Eish! English is wonderful!

I am the person who has decided to go and learn how to teach English as a second language as described in this blog. I find the way that words are formed and its origins most fascinating. This is a great blog and I hope you enjoy it as much as I did.

Theo Coggin

One of my colleagues is updating her skills by doing a course at University on teaching English as a second language. She says that one of the most interesting parts has been the construction of words.

English has a wonderful array of words. Being a dynamic language, it is able to assimilate new words with consummate ease.

Coat_of_arms_of_South_Africa.svgI often think that we in South Africa are luckier than most. South Africa boasts eleven official languages, and that is before one counts the unofficial languages such as those spoken by the ǀXam  people (none of their languages is official even though the country’s Coat of Arms bears its motto in a Khoisan language, viz ǃke e: ǀxarra ǁke which translates literally to “Diverse people unite”).

It also does not take into account a language such as Fanagalo, a pidgin (simplified language) based primarily on Zulu, with English and…

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Communicate, don’t preach!

Another excellent lesson from Theo Coggin. It’s so important to look at our writing critically and assess whether we are indeed preaching to our audience.

Theo Coggin

When running the Quo Vadis Communication courses I can always tell which of the delegates come out of a fundamentalist view of advertising, religious beliefs or political persuasion. They are the ones whose faces glaze over when I explain the first principle we consider in our media relations and Corporate Communications courses.

That principle, simply put, says that organisational communications “is not for preaching” or, expressed another way, should not smack of propaganda.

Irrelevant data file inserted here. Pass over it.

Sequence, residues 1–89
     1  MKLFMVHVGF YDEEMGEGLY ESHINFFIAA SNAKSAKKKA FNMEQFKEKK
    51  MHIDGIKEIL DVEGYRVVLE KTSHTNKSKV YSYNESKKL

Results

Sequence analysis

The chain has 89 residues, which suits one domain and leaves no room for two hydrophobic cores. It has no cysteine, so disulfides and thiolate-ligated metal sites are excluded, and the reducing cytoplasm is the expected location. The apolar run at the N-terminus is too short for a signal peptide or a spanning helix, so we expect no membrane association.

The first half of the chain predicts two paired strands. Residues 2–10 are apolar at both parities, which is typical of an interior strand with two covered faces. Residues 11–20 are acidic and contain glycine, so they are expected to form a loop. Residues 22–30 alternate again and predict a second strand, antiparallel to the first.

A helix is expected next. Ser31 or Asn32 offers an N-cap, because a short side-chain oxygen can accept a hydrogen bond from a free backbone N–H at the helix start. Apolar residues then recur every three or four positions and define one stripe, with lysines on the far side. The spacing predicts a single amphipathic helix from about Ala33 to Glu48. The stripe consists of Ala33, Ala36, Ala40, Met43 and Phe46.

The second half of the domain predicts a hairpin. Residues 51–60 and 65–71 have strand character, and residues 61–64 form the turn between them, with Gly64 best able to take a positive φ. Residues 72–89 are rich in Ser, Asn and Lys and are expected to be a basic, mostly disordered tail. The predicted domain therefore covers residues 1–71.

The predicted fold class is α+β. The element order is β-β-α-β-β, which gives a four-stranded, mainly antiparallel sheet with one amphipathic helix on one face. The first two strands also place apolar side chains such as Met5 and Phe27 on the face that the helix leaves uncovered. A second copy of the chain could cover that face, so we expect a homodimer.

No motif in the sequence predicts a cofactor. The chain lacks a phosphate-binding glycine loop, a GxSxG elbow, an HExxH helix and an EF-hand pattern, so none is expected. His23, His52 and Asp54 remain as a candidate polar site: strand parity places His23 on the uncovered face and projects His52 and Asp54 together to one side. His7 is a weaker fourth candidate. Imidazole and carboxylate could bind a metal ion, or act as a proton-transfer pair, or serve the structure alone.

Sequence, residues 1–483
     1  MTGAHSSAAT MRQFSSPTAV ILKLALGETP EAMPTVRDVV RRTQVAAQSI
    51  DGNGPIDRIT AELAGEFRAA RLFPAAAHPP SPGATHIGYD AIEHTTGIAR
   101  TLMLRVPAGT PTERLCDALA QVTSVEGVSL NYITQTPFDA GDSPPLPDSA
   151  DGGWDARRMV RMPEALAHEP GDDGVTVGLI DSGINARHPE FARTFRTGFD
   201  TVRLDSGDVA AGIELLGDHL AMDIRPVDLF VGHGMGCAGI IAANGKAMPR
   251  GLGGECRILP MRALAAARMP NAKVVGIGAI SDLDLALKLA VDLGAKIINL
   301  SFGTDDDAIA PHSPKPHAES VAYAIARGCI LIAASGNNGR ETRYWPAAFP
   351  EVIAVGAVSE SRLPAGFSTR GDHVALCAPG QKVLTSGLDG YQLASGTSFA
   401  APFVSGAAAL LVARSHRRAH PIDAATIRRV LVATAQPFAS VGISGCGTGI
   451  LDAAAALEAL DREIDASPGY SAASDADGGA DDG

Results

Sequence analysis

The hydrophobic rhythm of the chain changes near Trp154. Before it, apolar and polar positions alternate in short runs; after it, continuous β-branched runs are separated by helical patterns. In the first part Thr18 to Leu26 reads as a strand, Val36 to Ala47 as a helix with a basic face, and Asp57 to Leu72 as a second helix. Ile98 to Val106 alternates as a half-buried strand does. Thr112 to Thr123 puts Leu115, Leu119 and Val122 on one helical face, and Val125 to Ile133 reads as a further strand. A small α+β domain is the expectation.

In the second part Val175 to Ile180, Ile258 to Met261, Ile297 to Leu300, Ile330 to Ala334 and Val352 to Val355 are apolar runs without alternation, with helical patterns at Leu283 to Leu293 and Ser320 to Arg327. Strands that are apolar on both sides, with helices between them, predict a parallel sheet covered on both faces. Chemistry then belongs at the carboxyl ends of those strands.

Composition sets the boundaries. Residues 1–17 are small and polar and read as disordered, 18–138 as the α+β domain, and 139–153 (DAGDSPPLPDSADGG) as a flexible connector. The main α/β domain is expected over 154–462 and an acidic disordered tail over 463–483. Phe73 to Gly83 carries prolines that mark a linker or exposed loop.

Of course that is the very antithesis of communication when one is writing advertising copy, preaching a sermon in a mosque, church, or worshipping while at shul, or in any other religious context, or trying to persuade someone to vote for a particular political party.

Communicating in a manner that promotes any one of those forms has its place. And that place is firmly in the corner of bias and a lack of objectivity.

Now the latter…

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By Jingo!

Great blog. Always good to be reminded to keep it simple. It’s so easy to revert to using long words etc.

Theo Coggin

From iteachicoachiblog.blogspot.comThe irony of politics and language always provides a fascinating examination. And lots to learn from.

It intrigues me that, in a country that eschews the imperialist jingoism of a bygone age, so many of the authors of public documents are drawn to expressing themselves in what can most charitably be described as Shakespearean English. Less charitably one might dub it colonial English.

There is no doubt that such authors will be aghast, even feel insulted, by these observations. Regrettably any defensiveness on their part would soon wear thin.

Phrases to denote a sum of money, much loved by accountants, have entered the lexicon of such authors. So it is not good enough, for example, simply to say $532,371 but to spell it out, word for word.

And, just in case they feel they are addressing an innumerate and illiterate moron, they add the figures in brackets. Not only is…

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